I was very close to my great-aunt growing up, also a tartar who lived to be 100!

    Reply
  27. ***ACK!! It ate my post!***
    But what I said was… what a wonderful post! I’m an aunt twelve times over, and since I never had children, my nieces and nephews are very special to me.
    I was very close to my great-aunt growing up, also a tartar who lived to be 100!

    Reply
  28. ***ACK!! It ate my post!***
    But what I said was… what a wonderful post! I’m an aunt twelve times over, and since I never had children, my nieces and nephews are very special to me.
    I was very close to my great-aunt growing up, also a tartar who lived to be 100!

    Reply
  29. ***ACK!! It ate my post!***
    But what I said was… what a wonderful post! I’m an aunt twelve times over, and since I never had children, my nieces and nephews are very special to me.
    I was very close to my great-aunt growing up, also a tartar who lived to be 100!

    Reply
  30. ***ACK!! It ate my post!***
    But what I said was… what a wonderful post! I’m an aunt twelve times over, and since I never had children, my nieces and nephews are very special to me.
    I was very close to my great-aunt growing up, also a tartar who lived to be 100!

    Reply
  31. Auntie Mame always jumps to the forefront as a wonderful aunt to emulate! My neice & nephew were frequently out of the country with their parents [military service] and sometimes just plain the other side of the country

    Reply
  32. Auntie Mame always jumps to the forefront as a wonderful aunt to emulate! My neice & nephew were frequently out of the country with their parents [military service] and sometimes just plain the other side of the country

    Reply
  33. Auntie Mame always jumps to the forefront as a wonderful aunt to emulate! My neice & nephew were frequently out of the country with their parents [military service] and sometimes just plain the other side of the country

    Reply
  34. Auntie Mame always jumps to the forefront as a wonderful aunt to emulate! My neice & nephew were frequently out of the country with their parents [military service] and sometimes just plain the other side of the country

    Reply
  35. Auntie Mame always jumps to the forefront as a wonderful aunt to emulate! My neice & nephew were frequently out of the country with their parents [military service] and sometimes just plain the other side of the country

    Reply
  36. Lovely post, Nicola. I’m quite close to my niece and nephew, who are delightful, interesting and engaging to be around. I hope I’ve been a good listener and offered helpful advice when they’ve wanted to talk. I know they’ve enriched my life.

    Reply
  37. Lovely post, Nicola. I’m quite close to my niece and nephew, who are delightful, interesting and engaging to be around. I hope I’ve been a good listener and offered helpful advice when they’ve wanted to talk. I know they’ve enriched my life.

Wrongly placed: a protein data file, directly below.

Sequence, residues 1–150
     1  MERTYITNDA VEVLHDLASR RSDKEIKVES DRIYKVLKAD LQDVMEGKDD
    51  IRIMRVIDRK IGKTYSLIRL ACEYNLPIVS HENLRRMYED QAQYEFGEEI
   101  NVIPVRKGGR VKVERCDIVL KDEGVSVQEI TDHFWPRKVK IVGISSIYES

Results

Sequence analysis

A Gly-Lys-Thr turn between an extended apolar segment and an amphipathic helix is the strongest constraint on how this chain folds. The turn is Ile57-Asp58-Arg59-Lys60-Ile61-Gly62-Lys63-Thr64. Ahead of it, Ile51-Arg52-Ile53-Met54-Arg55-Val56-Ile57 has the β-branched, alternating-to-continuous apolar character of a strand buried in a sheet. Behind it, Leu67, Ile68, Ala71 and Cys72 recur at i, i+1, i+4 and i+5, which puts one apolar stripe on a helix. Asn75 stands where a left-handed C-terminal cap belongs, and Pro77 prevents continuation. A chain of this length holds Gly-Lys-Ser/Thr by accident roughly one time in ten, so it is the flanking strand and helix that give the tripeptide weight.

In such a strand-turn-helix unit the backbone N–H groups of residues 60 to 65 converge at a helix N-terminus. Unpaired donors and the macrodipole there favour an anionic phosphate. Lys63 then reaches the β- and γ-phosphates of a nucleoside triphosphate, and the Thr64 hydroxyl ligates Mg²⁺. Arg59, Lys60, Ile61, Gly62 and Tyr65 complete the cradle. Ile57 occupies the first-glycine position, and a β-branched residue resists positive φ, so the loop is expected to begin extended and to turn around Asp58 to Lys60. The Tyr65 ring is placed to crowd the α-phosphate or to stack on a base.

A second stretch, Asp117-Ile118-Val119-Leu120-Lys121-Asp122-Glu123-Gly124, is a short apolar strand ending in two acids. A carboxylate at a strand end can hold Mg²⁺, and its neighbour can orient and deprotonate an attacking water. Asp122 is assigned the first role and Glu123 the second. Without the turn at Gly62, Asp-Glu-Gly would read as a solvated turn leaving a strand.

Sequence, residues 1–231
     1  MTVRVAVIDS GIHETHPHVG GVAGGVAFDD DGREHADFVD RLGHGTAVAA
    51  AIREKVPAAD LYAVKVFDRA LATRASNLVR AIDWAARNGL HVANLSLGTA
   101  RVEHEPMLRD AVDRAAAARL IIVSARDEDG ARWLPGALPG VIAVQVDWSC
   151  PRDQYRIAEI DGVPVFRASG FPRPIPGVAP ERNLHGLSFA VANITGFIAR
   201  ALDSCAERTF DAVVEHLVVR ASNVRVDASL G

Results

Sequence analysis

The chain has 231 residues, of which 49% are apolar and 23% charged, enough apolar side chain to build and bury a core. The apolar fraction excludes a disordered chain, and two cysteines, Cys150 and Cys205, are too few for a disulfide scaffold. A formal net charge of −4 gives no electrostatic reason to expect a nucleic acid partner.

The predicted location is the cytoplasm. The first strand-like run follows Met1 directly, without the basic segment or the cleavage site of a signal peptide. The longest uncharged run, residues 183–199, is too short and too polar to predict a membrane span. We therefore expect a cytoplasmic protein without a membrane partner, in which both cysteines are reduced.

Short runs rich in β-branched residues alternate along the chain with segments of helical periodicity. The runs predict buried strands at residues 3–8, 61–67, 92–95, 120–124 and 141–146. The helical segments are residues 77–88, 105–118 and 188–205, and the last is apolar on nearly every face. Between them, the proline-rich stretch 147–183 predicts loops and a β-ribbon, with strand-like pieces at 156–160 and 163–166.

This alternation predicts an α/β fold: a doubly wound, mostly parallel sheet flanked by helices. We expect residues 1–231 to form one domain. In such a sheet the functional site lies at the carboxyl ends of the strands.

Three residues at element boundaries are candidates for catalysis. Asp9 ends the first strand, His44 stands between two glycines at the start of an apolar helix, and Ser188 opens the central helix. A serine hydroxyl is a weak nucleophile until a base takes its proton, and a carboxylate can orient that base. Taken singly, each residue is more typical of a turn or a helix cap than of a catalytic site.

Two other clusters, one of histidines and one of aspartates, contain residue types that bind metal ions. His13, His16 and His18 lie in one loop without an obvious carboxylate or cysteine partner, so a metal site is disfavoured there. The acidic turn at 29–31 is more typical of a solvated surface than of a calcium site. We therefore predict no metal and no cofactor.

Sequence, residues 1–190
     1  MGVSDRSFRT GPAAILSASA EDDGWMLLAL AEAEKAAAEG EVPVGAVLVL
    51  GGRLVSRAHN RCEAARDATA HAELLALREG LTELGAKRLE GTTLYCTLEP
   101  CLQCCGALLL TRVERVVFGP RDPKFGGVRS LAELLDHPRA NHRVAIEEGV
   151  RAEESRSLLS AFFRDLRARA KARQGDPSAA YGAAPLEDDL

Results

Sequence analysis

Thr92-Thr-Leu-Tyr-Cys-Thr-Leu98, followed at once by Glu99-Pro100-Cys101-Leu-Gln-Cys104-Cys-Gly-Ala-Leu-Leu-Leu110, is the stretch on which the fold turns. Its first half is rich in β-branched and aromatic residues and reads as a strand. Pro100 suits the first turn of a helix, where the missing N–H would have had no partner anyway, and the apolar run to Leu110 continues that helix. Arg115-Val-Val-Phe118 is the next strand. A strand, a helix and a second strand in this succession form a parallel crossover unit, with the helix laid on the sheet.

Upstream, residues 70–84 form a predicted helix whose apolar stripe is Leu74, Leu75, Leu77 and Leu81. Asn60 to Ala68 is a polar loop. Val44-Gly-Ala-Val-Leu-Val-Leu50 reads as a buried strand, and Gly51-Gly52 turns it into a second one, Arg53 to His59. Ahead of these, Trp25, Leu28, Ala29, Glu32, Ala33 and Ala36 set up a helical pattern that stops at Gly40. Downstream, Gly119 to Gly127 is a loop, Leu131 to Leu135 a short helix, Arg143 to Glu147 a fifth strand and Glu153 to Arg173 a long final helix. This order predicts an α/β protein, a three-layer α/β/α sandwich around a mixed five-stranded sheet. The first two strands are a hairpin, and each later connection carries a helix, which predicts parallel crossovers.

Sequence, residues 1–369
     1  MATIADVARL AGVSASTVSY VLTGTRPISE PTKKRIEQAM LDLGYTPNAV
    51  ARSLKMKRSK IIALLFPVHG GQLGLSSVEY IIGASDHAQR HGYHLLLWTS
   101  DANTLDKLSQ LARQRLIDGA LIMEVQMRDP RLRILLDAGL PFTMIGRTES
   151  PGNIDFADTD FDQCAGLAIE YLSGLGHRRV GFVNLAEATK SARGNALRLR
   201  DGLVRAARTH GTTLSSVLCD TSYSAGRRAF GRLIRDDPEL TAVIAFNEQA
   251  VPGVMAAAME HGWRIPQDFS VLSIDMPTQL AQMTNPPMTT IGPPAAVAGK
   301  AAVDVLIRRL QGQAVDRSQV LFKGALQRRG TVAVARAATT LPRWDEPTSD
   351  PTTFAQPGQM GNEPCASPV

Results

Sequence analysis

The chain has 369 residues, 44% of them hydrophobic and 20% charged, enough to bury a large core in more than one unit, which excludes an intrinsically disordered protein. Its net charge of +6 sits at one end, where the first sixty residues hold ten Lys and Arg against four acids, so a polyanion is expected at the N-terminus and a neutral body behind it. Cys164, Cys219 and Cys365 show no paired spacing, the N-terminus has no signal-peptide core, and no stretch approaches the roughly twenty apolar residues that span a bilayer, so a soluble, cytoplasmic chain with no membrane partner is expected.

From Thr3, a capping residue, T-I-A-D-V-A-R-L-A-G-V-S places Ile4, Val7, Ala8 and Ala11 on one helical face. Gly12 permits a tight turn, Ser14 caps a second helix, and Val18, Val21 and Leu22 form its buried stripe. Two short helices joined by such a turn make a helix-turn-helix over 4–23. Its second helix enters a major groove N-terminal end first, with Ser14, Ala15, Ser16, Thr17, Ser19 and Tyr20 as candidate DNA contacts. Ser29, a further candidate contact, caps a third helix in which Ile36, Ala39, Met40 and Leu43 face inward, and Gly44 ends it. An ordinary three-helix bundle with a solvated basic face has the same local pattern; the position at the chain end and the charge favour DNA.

Reply
  38. Lovely post, Nicola. I’m quite close to my niece and nephew, who are delightful, interesting and engaging to be around. I hope I’ve been a good listener and offered helpful advice when they’ve wanted to talk. I know they’ve enriched my life.

    Reply
  39. Lovely post, Nicola. I’m quite close to my niece and nephew, who are delightful, interesting and engaging to be around. I hope I’ve been a good listener and offered helpful advice when they’ve wanted to talk. I know they’ve enriched my life.

    Reply
  40. Lovely post, Nicola. I’m quite close to my niece and nephew, who are delightful, interesting and engaging to be around. I hope I’ve been a good listener and offered helpful advice when they’ve wanted to talk. I know they’ve enriched my life.

    Reply
  41. Janga, it is lovely that reading is one of the things that binds your family across the generations. It sounds as though your aunts have been so important and influential in your life and that you are continuing that tradition. Wonderful.

    Reply
  42. Janga, it is lovely that reading is one of the things that binds your family across the generations. It sounds as though your aunts have been so important and influential in your life and that you are continuing that tradition. Wonderful.

    Reply
  43. Janga, it is lovely that reading is one of the things that binds your family across the generations. It sounds as though your aunts have been so important and influential in your life and that you are continuing that tradition. Wonderful.

    Reply
  44. Janga, it is lovely that reading is one of the things that binds your family across the generations. It sounds as though your aunts have been so important and influential in your life and that you are continuing that tradition. Wonderful.

    Reply
  45. Janga, it is lovely that reading is one of the things that binds your family across the generations. It sounds as though your aunts have been so important and influential in your life and that you are continuing that tradition. Wonderful.

    Reply
  46. Dee, that’s another aspect of being an aunt or niece, isn’t it. If the age gap is smaller it must be great to have an aunt who is like a big sister! One of my cousins has children and half-siblings who are the same age. Interesting family dynamic!

    Reply
  47. Dee, that’s another aspect of being an aunt or niece, isn’t it. If the age gap is smaller it must be great to have an aunt who is like a big sister! One of my cousins has children and half-siblings who are the same age. Interesting family dynamic!

    Reply
  48. Dee, that’s another aspect of being an aunt or niece, isn’t it. If the age gap is smaller it must be great to have an aunt who is like a big sister! One of my cousins has children and half-siblings who are the same age. Interesting family dynamic!

    Reply
  49. Dee, that’s another aspect of being an aunt or niece, isn’t it. If the age gap is smaller it must be great to have an aunt who is like a big sister! One of my cousins has children and half-siblings who are the same age. Interesting family dynamic!

    Reply
  50. Dee, that’s another aspect of being an aunt or niece, isn’t it. If the age gap is smaller it must be great to have an aunt who is like a big sister! One of my cousins has children and half-siblings who are the same age. Interesting family dynamic!

    Reply